What Does a Professional Journalist Do?

Research what it takes to become a journalist. Learn about education requirements, job duties, job outlook, and salary to find out if this is the career for you. Schools offering Journalism degrees can also be found in these popular choices.

What Is a Professional Journalist?

A journalist prepares, writes, and presents news stories to the public through various media channels including television, newspaper, radio, magazine and the Internet. To successfully create a news story, a journalist needs to gather data from various sources, interview credible people, verify all information, and review his or her work for accuracy and clarity.

The following chart gives you an overview of what you need to know about becoming a journalist.

Degree RequiredBachelor's degree
Educational Field of StudyJournalism
Communications
Key ResponsibilitiesResearches, writes, and reports on newsworthy topics; interviews individuals; travels for stories and interviews
Job Growth (2014-2024) -8% (decline) for reporters and correspondents*
Average Salary (May 2015) $46,560 for reporters and correspondents*

Source: *U.S. Bureau of Labor Statistics

What's the Job of a Journalist Like?

A professional journalist's job revolves around researching, writing and reporting news stories. As a journalist you may be assigned general news topics or you may work in various specialty areas such as politics, celebrity news or sports. Much of your job will involve traveling to local or distant destinations to gather information for a story. You may have to interview people to gather facts or get firsthand accounts of an event. Deadlines are a regular part of the job, and journalists frequently work odd hours and weekends.

What Education or Training Do I Need?

Most professional journalists have a degree in journalism. Bachelor's and master's degrees are the most common choices, but you may also pursue a certificate, associate's degree or even earn a Ph.D. You may earn a journalism degree, you may study a specific medium such as print or broadcast, or you may earn a broad-spectrum degree in multimedia journalism.

You need to have excellent writing and communication skills and a clear grasp of English grammar. Depending on the area of journalism you wish to pursue, you may also benefit from public speaking skills. In some more specialized jobs you may be required to have expertise in areas outside of journalism, such as sports or finance. To break into journalism, most employers require some type of experience, which is easily gained through an internship. Internships may be available through potential employers, your school or professional organizations.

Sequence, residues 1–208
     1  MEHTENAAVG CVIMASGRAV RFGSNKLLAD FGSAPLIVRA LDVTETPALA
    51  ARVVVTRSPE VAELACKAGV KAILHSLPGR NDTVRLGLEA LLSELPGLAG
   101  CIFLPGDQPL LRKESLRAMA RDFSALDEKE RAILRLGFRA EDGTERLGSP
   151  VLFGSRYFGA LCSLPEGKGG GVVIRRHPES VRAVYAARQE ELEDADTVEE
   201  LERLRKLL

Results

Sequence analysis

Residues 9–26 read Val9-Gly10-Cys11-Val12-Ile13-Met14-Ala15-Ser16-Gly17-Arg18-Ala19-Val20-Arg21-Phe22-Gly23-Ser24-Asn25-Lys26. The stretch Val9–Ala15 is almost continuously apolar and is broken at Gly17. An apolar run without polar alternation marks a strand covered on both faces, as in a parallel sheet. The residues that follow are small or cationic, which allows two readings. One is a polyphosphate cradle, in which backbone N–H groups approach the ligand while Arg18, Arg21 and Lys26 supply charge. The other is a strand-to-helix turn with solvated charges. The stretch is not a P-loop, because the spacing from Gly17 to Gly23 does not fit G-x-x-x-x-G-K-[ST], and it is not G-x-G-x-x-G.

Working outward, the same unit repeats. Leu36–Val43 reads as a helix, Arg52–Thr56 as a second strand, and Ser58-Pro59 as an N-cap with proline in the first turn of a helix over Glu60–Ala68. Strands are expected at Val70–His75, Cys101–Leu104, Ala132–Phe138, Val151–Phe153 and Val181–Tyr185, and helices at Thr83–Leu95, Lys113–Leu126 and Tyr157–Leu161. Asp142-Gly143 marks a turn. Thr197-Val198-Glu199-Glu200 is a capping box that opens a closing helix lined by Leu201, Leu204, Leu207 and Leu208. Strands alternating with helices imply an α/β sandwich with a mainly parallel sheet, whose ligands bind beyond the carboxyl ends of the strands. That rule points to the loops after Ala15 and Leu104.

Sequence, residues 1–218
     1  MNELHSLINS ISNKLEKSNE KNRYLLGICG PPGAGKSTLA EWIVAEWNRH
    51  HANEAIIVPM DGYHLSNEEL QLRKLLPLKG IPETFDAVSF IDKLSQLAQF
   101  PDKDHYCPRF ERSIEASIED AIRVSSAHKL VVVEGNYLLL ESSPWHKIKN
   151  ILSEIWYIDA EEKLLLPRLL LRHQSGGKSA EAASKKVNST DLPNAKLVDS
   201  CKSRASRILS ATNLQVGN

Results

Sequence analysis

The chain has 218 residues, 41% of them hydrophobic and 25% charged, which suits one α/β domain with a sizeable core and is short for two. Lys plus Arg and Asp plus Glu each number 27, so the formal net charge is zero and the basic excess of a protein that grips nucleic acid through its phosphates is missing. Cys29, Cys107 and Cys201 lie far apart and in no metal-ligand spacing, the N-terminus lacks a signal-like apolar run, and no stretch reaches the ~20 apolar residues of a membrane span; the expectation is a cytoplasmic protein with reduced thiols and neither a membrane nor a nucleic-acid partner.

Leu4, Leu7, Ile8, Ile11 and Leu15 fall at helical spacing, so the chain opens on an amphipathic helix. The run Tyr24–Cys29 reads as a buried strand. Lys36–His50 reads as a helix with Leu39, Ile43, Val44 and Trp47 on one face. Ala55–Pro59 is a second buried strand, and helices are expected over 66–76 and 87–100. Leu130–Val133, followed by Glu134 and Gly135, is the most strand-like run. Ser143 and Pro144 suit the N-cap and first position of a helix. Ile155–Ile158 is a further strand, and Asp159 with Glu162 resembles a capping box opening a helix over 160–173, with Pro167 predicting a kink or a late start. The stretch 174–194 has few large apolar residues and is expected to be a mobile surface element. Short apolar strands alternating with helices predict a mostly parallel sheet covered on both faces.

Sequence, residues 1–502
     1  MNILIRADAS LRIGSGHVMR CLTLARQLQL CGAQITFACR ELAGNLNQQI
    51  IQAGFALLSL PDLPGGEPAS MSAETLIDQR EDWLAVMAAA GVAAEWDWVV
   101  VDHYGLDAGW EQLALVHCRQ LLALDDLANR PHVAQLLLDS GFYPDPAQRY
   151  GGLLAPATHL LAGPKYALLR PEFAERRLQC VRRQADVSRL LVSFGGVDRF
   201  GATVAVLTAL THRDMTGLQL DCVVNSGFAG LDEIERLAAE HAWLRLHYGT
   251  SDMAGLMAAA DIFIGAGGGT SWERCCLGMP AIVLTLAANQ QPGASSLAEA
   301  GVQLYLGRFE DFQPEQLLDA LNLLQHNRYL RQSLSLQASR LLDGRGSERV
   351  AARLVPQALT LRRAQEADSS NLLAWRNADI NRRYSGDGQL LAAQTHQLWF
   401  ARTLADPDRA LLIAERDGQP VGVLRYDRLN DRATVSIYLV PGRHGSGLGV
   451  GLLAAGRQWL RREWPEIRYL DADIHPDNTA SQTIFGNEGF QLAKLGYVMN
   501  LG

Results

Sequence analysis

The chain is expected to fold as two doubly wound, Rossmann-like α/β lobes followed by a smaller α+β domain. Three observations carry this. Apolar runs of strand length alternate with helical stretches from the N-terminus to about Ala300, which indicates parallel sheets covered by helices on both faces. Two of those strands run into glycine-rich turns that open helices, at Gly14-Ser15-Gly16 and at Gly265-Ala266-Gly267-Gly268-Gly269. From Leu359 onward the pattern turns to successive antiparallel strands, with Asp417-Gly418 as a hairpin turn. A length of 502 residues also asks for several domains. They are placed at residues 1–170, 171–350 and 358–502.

Where Can I Find a Job?

Jobs are available at television stations, private companies, newspapers, radio stations and other media outlets. Freelance work may also be available. According to the U.S. Bureau of Labor Statistics (BLS), employment for reporters and correspondents from 2014-2024 was expected to decline by 8 percent. However, the BLS stated that the best job prospects should be in areas where new technology is emerging and where retirement rates are high. Promising job leads for aspiring journalists will be Internet service providers, local media outlets and freelance work (www.bls.gov).

What Could I Earn?

The BLS reported that the average annual wage for reporters and correspondents as of May 2015 was $46,560. However, you may want to consider all the earnings reported by the BLS to get a better understanding of what to expect. For example, the tenth percentile reported earned $21,390 per year, but the ninetieth percentile earned $81,580. The difference in earnings is likely due to choice of employer. For example, someone employed by a national broadcasting company will likely be paid more than someone who works at a small town newspaper.

What Are Some Related Alternative Careers?

Professional journalists may also be employed as public relations specialists whose main role is to make a person or a company look good in public through building strong relationships with the industry and community. Some professional journalists may opt to take the technical writing path as technical writers whose main responsibility is to create manuals, how-to guides and other technical documents. Unlike professional journalists who work mainly for media companies, both public relations specialists and technical writers may be employed in a variety of industries. All of these careers require a bachelor's degree typically communications, journalism or a related field.

To continue researching, browse degree options below for course curriculum, prerequisites and financial aid information. Or, learn more about the subject by reading the related articles below:

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